Future Proofing Me

I love Grand Final week… there judge me on that.  But the ethos of the Hawthorn Football Club this week has inspired me.  Hawthorn has heaps of issues this year, people being injured, key people, and out for long periods of the season.  They lost their coach for 5 weeks or so to sickness.  Yet they still found a way to win, to move forward.  The common mantra out of the football club for the whole year was “one soldier goes down, you replace them with another soldier” spoke to me.
It was right up there with one of my favourite sayings… “The graveyard is full of indispensable people”
This got me thinking about company success and about stability in a job or a career.  As I’m now in my 40s, (and now having the experience to understand how quickly 20 disappears past us) before I know it I’ll see the 50s coming up, I’m wondering what I can do to continue my relevance for my career and in my organisation.  The organisation is bigger than the individual I get that when I have my company hat on, but when I put the personal hat on. It’s a bit disturbing. a) Being 50 and b) being employable at that age.
People are easily replaced and I’m sure that if I got “hit by a bus”, (after a totally devastating few days in which the world would stop turning) the sun would come up, there would be work to be done and the business would carry on.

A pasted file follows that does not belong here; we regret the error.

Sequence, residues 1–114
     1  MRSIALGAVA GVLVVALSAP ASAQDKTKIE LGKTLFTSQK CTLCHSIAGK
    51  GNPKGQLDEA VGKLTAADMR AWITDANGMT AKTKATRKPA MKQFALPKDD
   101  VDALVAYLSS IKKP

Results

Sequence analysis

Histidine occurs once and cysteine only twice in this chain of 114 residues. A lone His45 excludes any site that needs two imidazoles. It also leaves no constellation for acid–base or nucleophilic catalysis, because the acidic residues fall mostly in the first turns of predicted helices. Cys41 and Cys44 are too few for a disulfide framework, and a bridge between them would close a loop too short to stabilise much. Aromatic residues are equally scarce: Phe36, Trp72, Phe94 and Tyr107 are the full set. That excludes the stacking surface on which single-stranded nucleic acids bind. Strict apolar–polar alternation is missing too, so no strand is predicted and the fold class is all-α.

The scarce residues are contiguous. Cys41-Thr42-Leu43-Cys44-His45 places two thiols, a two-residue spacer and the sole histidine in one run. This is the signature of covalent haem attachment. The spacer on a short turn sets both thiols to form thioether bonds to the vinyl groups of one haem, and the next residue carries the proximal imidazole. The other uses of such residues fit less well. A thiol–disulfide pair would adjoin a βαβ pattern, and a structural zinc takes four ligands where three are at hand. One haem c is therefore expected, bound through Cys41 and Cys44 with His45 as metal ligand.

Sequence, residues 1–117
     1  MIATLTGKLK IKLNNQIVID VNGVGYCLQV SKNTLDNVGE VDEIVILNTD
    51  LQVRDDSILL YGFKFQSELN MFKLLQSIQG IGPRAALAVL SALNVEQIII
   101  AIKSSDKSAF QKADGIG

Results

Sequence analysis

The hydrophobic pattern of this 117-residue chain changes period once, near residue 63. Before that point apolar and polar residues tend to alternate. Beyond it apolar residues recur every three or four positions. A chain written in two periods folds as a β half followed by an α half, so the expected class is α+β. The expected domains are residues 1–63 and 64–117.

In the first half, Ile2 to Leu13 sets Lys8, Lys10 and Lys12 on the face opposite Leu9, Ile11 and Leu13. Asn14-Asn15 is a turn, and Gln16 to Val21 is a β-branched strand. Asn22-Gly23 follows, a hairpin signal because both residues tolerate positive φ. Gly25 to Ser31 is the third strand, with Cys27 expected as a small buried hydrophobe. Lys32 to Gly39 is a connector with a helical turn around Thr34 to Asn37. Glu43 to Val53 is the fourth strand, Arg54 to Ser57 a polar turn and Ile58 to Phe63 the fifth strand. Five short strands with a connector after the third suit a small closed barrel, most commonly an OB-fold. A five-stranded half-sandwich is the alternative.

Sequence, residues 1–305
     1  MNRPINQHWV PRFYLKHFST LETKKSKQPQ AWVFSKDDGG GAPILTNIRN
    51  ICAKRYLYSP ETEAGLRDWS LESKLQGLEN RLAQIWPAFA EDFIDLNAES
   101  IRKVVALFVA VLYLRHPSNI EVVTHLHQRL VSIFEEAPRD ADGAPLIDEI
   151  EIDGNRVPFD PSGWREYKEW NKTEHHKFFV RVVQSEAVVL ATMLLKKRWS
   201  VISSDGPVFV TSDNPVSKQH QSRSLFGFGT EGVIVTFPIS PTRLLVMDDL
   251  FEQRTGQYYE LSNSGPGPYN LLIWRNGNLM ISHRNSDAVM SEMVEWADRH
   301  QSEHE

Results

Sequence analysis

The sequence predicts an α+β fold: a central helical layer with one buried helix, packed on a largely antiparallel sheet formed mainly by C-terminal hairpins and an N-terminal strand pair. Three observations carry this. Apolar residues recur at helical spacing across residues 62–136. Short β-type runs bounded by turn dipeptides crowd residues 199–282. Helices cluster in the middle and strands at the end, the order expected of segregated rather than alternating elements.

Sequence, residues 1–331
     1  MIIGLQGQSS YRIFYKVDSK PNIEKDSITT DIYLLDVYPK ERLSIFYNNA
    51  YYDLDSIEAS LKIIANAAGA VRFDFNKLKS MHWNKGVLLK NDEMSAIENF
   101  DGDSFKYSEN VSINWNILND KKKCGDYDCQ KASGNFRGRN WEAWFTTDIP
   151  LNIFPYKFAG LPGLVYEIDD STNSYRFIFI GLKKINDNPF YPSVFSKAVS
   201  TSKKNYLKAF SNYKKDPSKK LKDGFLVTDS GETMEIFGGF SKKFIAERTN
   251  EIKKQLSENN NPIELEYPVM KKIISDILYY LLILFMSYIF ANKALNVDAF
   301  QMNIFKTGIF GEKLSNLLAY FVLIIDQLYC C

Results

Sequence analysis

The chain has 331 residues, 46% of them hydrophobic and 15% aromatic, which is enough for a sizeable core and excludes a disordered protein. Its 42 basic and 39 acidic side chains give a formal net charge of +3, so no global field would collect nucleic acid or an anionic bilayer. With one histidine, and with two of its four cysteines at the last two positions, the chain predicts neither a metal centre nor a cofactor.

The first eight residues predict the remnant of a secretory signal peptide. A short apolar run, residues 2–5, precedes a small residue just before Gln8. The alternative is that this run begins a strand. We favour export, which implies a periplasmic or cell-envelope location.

I’ve seen posts talking about how to keep yourself employable.  So here’s my theory.  It’s not that complicated.

Throw out your job description.

Whilst we wait for any HR people who are reading this to sit back up on their chairs or allow them to click off this post.  I don’t mean all of it.  I just need one key bullet point in this amazingly, consistently accurate document that has been handed out since the advent of the written word.
Your job description, well, anyone’s job description should be:


Everything else is pure fluff right?
I mean this is all our jobs right? My title may well be GM Recruitment, but if a Recruitment freeze comes on, and all I do is Recruitment, well I’m kind of limited in my future outlooks.  If I am purely a .net developer and the world stops using .net, I’m in trouble.
Like Hawthorn, people need to be flexible in the roles we all play.  I hope you’ve all read articles about roles that are here now that weren’t around 5-10 years ago.  Guess what? It’ll keep happening.  The world will keep changing.
Here’s my cunning plan to avoid being easily replaceable
What will I do? I’ll try to avoid contracting becomingadinosauitis.  I’ll keep taking things on, I’ll keep trying things (some will work, more won’t), I’ll keep finding ways to add value to my company.  The young kids will eventually beat me with youth, enthusiasm, and a cheaper price point, but I won’t be beaten on experience, wisdom (I’ll get there I’m sure), attitude and value add to any company.
What will you do?

Gain value adding skills by joining Shannon Pritchett, Chris Hoyt, Bill Boorman, Martin Warren and other leading sourcers and social recruiters at Sourcing.Social.Talent #SST15 in November.  Register now for the event in SydneyMelbourne or Auckland


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